The competition for investor dollars fuels a ratcheting up of risk in order to provide bigger and bigger returns.
Where does it all end?
From a regulatory perspective, risk means not being permitted to undertake certain actions that will increase income of the regulated company. The purpose of regulation is to police the actions of private entities operating in a monopoly construct to ensure that customers are provided fair service at a reasonable cost. Regulators are the final decision-makers on utility proposals, and also serve as creator and enforcer of the rules regulated utilities must follow. Regulators are supposed to be protecting consumers, while also allowing the utility to make a reasonable profit in order to continue to operate the system.
Everything an investor owned utility does in a regulated environment is viewed through the lens of financial risk.
Should the company file a rate case? What's the risk that the return will be lowered? What's the risk that some costs may be disallowed?
Should the company sell assets to itself? What's the risk that the price will be adjusted downward? What's the risk that the transaction will not be approved?
Should the company break the rules? What's the risk that the company will be caught? If caught, what's the risk that the company will have to pay out more than it made while breaking the rules?
Regulatory risk really isn't risky at all.
Investor owned utilities make huge investments in buying the favor of their regulators. It's just one great, big utility club, where the regulators and the regulated interact daily, convincing each other that their actions benefit consumers. Consumers are not allowed to join. Regulators and regulated will find themselves together again and again, therefore they develop a cozy working relationship.
But it's an unbalanced relationship. While the regulator may think they're all sitting at the same table, they're not. The investor owned utility has nothing to lose. And the regulator's gun is loaded with blanks. An investor owned utility has access to a bottomless pool of consumer funding to appeal any regulatory decision it doesn't like, endlessly. Regulators have access to a very limited supply of money for such things, therefore, a utility can simply outspend them until the desired result is achieved. In many instances, it's not even worth trying enforce the rules for the regulator, and they may cave in before it even gets to this point.
This is a settlement. Ideally, in settlement, each party gives up something in order to create a balanced outcome. However, an investor owned utility will never enter a settlement with an equal number of eggs in its trading basket. Its rate case or asset transfer is thickly padded with things to give away that the utility doesn't really care about. The regulator's basket has less eggs at the beginning, therefore, each egg that's given away by a regulator means someone goes hungry. The regulator comes out with one egg, and the utility comes out with a dozen. This isn't a fair or balanced outcome.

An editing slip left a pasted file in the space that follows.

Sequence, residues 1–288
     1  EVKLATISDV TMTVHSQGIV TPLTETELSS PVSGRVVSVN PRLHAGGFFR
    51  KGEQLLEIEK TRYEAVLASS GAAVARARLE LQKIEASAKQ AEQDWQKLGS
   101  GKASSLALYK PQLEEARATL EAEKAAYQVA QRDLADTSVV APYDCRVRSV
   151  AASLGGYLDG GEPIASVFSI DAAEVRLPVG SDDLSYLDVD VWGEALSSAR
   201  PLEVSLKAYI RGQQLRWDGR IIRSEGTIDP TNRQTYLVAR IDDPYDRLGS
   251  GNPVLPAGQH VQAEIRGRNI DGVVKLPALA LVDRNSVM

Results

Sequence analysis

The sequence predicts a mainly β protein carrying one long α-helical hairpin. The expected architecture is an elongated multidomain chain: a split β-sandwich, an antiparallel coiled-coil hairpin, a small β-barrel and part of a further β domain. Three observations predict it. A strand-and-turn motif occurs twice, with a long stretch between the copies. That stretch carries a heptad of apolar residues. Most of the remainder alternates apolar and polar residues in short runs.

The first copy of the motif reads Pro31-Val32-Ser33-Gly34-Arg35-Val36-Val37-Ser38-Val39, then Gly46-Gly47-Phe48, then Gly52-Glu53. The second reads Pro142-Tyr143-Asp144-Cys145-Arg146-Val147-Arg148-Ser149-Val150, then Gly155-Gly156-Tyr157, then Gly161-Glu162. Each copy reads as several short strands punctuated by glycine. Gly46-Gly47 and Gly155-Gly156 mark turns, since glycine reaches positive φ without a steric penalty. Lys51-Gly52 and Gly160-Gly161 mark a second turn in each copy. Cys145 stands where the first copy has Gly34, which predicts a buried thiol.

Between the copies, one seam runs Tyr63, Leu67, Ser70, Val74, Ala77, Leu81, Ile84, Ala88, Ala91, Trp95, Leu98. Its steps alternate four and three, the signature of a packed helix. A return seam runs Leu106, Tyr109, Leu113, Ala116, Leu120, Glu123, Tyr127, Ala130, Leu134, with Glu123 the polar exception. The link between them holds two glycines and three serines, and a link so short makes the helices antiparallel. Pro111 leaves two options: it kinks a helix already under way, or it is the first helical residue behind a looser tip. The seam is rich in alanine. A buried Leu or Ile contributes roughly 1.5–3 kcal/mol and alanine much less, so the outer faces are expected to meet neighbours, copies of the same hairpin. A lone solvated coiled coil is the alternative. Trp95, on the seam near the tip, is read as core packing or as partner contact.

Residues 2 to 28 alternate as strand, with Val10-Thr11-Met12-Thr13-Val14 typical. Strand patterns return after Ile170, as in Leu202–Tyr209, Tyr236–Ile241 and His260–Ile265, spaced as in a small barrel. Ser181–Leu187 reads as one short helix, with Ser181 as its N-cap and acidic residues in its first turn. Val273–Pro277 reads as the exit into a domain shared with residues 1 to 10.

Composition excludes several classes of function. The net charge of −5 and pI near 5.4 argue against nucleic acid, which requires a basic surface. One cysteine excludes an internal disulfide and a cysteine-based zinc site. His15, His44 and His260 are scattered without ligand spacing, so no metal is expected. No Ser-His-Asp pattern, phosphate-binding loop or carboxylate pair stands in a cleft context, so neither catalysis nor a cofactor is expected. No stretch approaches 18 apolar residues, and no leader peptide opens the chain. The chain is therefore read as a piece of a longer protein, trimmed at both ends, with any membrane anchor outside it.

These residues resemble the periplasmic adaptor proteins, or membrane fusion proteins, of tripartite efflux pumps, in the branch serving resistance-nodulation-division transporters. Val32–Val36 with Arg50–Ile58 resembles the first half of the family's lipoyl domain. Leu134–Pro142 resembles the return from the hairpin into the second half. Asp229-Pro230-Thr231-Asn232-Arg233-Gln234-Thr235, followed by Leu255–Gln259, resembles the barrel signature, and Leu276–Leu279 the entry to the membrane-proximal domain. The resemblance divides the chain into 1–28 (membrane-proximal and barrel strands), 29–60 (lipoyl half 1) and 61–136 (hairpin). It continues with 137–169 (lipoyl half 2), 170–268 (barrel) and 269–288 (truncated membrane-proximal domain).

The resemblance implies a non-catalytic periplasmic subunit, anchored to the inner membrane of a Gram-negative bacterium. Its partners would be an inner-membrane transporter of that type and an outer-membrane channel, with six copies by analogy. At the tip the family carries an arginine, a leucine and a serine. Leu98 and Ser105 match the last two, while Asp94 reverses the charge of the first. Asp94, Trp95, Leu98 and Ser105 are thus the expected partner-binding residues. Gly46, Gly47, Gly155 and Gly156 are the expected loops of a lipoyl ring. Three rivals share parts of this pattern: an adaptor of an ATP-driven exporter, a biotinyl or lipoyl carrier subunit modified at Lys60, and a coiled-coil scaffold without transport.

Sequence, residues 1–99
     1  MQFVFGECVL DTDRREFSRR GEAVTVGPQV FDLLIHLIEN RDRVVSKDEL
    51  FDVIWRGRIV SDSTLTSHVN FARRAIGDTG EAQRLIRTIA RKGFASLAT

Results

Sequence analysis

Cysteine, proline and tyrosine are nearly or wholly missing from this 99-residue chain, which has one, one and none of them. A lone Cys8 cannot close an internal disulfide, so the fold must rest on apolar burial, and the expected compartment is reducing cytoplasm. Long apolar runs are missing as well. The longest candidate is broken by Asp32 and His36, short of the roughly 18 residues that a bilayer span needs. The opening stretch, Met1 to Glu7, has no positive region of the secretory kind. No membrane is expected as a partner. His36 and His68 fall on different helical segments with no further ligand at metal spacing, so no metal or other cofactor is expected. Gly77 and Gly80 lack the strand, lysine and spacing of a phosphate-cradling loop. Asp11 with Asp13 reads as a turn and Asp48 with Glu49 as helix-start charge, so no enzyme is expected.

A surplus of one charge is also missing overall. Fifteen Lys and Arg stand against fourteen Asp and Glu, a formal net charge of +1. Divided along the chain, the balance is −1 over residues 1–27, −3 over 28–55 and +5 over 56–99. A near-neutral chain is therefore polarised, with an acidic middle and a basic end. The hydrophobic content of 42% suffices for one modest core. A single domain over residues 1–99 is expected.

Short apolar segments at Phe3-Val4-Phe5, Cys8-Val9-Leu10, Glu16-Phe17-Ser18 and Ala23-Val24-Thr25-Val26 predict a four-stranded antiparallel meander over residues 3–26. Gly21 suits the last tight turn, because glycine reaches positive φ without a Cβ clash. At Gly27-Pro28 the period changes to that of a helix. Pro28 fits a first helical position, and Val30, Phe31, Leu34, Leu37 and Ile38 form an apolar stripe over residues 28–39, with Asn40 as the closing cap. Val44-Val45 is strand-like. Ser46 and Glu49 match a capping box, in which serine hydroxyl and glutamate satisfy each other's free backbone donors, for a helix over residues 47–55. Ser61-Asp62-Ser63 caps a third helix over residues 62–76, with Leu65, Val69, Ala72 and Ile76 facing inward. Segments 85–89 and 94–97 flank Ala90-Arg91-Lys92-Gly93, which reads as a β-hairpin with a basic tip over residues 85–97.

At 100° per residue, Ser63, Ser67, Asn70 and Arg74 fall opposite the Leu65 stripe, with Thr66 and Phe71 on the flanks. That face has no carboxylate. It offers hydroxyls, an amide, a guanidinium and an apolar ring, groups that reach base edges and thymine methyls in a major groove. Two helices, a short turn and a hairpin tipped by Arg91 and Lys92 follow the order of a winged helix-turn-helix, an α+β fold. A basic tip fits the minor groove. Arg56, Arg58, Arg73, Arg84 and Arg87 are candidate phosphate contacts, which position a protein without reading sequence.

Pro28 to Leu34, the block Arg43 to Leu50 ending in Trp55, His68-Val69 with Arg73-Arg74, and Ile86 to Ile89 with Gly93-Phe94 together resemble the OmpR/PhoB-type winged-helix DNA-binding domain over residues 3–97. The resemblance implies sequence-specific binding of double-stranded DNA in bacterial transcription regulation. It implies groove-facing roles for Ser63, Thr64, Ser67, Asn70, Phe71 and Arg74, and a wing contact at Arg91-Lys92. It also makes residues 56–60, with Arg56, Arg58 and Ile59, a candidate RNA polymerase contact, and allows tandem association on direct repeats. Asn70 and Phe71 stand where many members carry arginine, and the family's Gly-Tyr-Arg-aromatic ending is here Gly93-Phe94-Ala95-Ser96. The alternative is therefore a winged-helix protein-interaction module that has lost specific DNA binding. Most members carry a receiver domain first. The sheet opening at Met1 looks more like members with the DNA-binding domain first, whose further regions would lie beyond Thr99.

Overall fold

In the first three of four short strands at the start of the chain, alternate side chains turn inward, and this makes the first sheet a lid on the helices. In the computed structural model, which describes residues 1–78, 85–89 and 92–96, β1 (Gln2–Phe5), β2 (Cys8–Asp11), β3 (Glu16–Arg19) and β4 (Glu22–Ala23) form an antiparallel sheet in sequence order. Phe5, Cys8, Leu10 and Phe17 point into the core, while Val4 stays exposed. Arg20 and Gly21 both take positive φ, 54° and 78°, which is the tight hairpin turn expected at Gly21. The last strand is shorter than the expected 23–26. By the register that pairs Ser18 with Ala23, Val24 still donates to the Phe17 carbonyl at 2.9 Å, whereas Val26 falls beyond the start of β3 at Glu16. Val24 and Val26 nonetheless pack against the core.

And it's even more skewed when a utility gets caught breaking the rules. Rules are meant to be followed, not partially followed, or mostly followed, but completely followed. There should be simply no eggs in the regulator's basket to give away. It's impossible to break half a rule. When a utility breaks the rules for profit and gets caught, it's egg basket is full. A utility can give away some of the profits it made breaking the rule, while the regulator can only give away the rule and violate the trust of consumers, who expect that regulators enforce rules.
When a regulator begins negotiating a settlement in a rule breaking case, they are giving away the ability to break the rules without consequence.
How do you think the investor owned utility views this?
1. Chances are we won't get caught and we'll get to keep all the profits we made breaking the rule!
2. Even if we do get caught, we'll only have to give back part of the profits we made breaking the rule!
3. For every illegal action regulators catch, there are hundreds more where we'll never get caught!
4. Following the rule - zero profit. Breaking the rule - priceless!
Breaking the rules is very profitable for investor owned utilities, therefore they will keep doing so until the cost of punishment is higher than the retained profit of breaking the rules. Breaking the rules is low to no risk.
Filing a rate case, or proposing a ridiculous, overpriced sale of assets to itself, is also low risk these days. Lazy, captured regulators and ineffectual consumer advocates, who are more interested in maintaining relationships with utilities and their lawyers than with the consumers they are supposed to represent, are failing you.
Those who stand for nothing, will fall for anything.
Enough is enough.